ED Magedson – Founder
CRST Van Expedited3930 16th Ave SW Cedar Rapids, Iowa USA
CRST Van Expedited The fastest way to squander your savings Cedar Rapids Iowa
The only positive thing there is about working for CRST is that you will learn every possible way that a company can screw its drivers.
Hiring: I had just upgraded from a CDL-B to a CDL-A. I had plans to take a trip to visit a friend for about a week, then find a driving job. I had given my notice at my job and the day before what was supposed to be my last, my car was stolen. The last thing in the world that I wanted was to go completely broke, so instead of taking my trip, I started calling trucking companies because I figured if I worked hard, by the time I came off the road, I would have enough to buy a cheap car and continue forward. The company that could get me behind the wheel first was CRST. That should've been a warning. My car was recovered the next day, but I felt a moral obligation to go forward with CRST.
They did provide a bus ticket, but deducted it at full price even though they purchased it at a discount.
I remember a conference call that had been set up with the orientation class and one of the fleet managers. She gave us a pep talk with a warning that it was tough living on a truck. We all of course figured the slackers who didn't want to drive were the ones that would struggle, because we all were going to drive until the tires fell off. I ignored my spidey sense. I paid dearly.
During orientation, they give you a big pep talk about getting safety involved early. I promise you, the sooner you get safety involved, the sooner you will get fired. Safety is NOT there to help you. The only thing safety did accomplish was that you could go out of service at the drop of a hat if you claimed to be tired. Unfortunately, they wouldn't give you another load for 2-5 days (according to the drivers that went out of service for safety reasons).
In Carlisle, they were ballbusters about everything, but I was cleared to work. My first trainer got us as far as Oklahoma city, then met up with a friend of his and they teamed up. After 5 days (no truck, no hotel) living in the terminal, sleeping on those beat up recliners, I started calling other companies out of desperation. Finally on day 8, I got a new trainer who smoked (yuck!). Including meal breaks, we rolled about 23 hours per day, and we always got the loads delivered on time.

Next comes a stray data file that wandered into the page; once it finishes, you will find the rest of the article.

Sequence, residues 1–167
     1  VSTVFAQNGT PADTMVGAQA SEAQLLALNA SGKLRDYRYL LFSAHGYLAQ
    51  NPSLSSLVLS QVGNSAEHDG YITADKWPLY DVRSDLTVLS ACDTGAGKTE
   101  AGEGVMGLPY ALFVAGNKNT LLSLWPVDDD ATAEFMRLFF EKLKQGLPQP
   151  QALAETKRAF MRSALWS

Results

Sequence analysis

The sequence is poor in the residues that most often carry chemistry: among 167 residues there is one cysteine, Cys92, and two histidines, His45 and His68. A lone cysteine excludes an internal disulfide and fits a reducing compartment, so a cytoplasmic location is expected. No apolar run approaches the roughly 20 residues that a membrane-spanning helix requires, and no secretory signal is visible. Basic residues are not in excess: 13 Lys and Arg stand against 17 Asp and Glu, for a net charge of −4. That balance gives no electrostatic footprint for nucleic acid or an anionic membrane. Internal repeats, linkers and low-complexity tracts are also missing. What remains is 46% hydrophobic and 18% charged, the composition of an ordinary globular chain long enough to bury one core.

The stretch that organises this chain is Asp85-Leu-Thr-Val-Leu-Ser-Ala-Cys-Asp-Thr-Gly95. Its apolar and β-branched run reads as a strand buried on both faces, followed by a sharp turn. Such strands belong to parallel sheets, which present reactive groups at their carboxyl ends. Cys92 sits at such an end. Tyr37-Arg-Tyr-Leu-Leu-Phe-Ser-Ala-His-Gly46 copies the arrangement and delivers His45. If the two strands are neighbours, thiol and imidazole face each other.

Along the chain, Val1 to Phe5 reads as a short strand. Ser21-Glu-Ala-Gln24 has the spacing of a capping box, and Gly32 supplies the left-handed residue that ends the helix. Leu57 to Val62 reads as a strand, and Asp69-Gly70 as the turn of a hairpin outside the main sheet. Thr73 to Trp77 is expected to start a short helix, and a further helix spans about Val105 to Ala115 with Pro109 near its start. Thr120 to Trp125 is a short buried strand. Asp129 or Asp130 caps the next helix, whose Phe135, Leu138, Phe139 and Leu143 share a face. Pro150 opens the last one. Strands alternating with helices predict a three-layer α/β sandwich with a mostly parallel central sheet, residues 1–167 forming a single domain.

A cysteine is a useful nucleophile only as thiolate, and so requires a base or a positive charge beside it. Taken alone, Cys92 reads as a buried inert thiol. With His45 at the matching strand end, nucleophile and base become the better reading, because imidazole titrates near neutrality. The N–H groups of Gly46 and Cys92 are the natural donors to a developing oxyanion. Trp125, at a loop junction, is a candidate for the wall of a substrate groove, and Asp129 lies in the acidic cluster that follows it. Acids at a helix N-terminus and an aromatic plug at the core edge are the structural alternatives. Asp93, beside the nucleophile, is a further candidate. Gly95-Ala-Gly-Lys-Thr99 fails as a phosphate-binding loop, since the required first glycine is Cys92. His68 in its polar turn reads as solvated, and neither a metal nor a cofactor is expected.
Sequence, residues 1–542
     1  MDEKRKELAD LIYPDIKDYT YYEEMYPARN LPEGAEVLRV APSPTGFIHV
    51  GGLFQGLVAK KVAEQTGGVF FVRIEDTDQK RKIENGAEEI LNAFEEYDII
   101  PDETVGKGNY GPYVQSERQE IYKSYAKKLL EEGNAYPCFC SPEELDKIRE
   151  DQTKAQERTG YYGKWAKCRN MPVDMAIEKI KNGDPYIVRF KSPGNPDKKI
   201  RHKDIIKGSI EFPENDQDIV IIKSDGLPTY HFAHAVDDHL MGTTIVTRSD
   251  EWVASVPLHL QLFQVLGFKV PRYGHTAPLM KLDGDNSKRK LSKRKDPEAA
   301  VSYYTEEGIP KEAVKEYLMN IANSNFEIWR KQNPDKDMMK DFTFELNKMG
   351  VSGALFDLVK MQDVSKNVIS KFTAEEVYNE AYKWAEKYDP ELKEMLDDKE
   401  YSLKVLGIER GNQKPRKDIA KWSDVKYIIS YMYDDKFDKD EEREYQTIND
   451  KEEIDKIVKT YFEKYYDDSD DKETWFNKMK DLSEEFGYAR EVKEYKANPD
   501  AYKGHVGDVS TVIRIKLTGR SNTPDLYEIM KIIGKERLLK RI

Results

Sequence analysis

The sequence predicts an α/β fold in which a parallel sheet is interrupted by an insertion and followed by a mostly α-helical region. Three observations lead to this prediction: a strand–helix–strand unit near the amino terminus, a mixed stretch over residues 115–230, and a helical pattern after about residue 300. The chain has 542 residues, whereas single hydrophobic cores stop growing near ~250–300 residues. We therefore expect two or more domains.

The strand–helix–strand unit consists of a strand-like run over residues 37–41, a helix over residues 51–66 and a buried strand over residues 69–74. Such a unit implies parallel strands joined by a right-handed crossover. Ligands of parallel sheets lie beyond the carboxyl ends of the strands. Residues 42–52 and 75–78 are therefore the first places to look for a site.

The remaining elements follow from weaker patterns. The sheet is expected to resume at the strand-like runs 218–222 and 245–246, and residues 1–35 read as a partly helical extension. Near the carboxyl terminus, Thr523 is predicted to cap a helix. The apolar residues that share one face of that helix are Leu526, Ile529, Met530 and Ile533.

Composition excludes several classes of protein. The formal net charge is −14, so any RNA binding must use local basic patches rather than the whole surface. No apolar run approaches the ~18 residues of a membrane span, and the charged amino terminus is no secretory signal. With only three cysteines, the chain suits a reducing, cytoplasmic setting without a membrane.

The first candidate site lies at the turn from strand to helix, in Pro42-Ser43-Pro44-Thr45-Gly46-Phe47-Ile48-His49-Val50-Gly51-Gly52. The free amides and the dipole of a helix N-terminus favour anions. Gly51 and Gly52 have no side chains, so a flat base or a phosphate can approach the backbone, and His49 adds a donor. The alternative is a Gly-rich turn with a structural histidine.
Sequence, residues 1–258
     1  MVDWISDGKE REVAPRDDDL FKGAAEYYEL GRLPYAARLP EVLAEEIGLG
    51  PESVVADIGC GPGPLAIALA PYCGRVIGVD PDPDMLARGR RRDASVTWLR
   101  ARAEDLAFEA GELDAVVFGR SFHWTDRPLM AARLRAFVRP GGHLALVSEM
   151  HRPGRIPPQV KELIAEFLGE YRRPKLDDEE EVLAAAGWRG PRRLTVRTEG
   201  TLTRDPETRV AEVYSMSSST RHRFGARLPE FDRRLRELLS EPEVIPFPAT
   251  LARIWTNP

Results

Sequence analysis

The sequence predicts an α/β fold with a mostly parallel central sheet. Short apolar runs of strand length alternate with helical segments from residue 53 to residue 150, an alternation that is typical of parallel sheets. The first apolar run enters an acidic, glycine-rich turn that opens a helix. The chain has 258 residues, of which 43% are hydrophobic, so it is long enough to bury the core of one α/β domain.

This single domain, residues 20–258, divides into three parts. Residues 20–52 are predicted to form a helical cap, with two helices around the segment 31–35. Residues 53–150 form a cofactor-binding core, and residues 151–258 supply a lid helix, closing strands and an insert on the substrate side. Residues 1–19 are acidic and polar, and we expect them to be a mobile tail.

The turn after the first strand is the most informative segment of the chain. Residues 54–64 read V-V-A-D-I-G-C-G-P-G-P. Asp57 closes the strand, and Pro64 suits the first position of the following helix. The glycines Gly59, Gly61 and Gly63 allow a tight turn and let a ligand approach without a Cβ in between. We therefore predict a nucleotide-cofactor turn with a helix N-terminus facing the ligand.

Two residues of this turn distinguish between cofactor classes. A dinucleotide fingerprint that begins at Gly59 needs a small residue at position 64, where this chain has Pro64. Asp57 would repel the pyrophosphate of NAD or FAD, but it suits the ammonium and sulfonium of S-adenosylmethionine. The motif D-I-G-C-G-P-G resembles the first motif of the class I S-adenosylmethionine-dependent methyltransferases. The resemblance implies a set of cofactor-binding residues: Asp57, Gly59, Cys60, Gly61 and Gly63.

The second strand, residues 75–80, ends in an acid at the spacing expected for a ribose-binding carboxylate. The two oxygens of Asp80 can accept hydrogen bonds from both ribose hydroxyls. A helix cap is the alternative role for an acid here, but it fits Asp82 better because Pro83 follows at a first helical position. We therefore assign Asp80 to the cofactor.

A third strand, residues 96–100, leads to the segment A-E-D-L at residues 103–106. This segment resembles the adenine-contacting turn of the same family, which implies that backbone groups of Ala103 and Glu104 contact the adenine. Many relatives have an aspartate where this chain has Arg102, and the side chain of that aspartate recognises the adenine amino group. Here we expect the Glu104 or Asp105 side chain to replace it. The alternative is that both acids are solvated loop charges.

At one point, we took a load from Fontana, CA to Gap, PA. My "split" was 634 miles. They actually came up with the definition for a trailer shuttle when we asked them why we weren't getting paid for all the extra stops. We never got paid for "city work" at the city work rate. Drivers had to pay cash for tolls, and hope to get reimbursed. I personally never once received full reimbursement let alone payment for miles on any of my payments.
They used to charge you to get paid, and I never once got reimbursed for taking advances to pay the tolls.
Fuel Bonus: No
Safety Bonus: No
On time Bonus: No
Mileage Bonus: No
In Service Bonus: No
Paid Holidays: No
Paid Vacation: No
HazMat Bonus: No
Any bonuses of any kind?: No
I was hired in September with several hundred dollars in hand. Except for 6 days off after my month of training, I rolled non stop until Christmas. I have never partaken of the lot lizards, don't have any vices such as drinking, smoking or drugs, I didn't even have a tv on the truck let alone a DVD player, and only ate one real meal per day with a gallon jug of water and maybe $5.00 in snacks. By the time I was supposed to make the 410 mile drive home from Carlisle, I was so broke that I had to take a cash advance to make sure I had enough gas money to make it.
On one particular occasion, I remember not getting paid for a trip. I had to call Cedar Rapids and ask them to review the paperwork. Only then did they "find" my trip sheet. This was a regular thing. They were always shorting on miles, tolls, and sometimes just deleted trips altogether hoping that their twice weekly pay cycle would confuse the issue.
Per diem was a total scam. Yes, your weekly pay might have been very slightly higher, but you really took it in the hASS on your tax returns.
One time we were driving magazines from Oklahoma to 4 stops in NY state. Weather conditions were bad, but we were promised that if we got them delivered on time, there was a $25.00 bonus for each driver. Road conditions were icy, so we drove slow. Miraculously, even driving slower than usual for safety, we managed to get all stops delivered on time. Do I have to tell you there was no bonus pay?
Team driving sucks dog balls. When you're driving, you always have to think of your co-driver's rest, so no cranking the rock and roll, no playing with the temperature. You have to drive smmmmmooooth or you'll die in your sleep. Unfortunately, you co-driver may not be so considerate. None of mine were. One of them decided that I didn't need the AC in the sleeper, so he would wait until I would fall asleep then turn it off and I would wake up an hour later sweating. One of my co-drivers (you go through a lot of them at CRST) would drive like a jackass and crank the radio. I never believed it was possible to fall asleep at the wheel until I worked for CRST. You have to be exhausted to sleep in a moving truck. I used to drive to Carlisle from the Boston area, drive, sit awake while my co-driver drove, drive again, then hopefully be able to sleep. It took months after getting a local job to develop a safe sleep pattern again.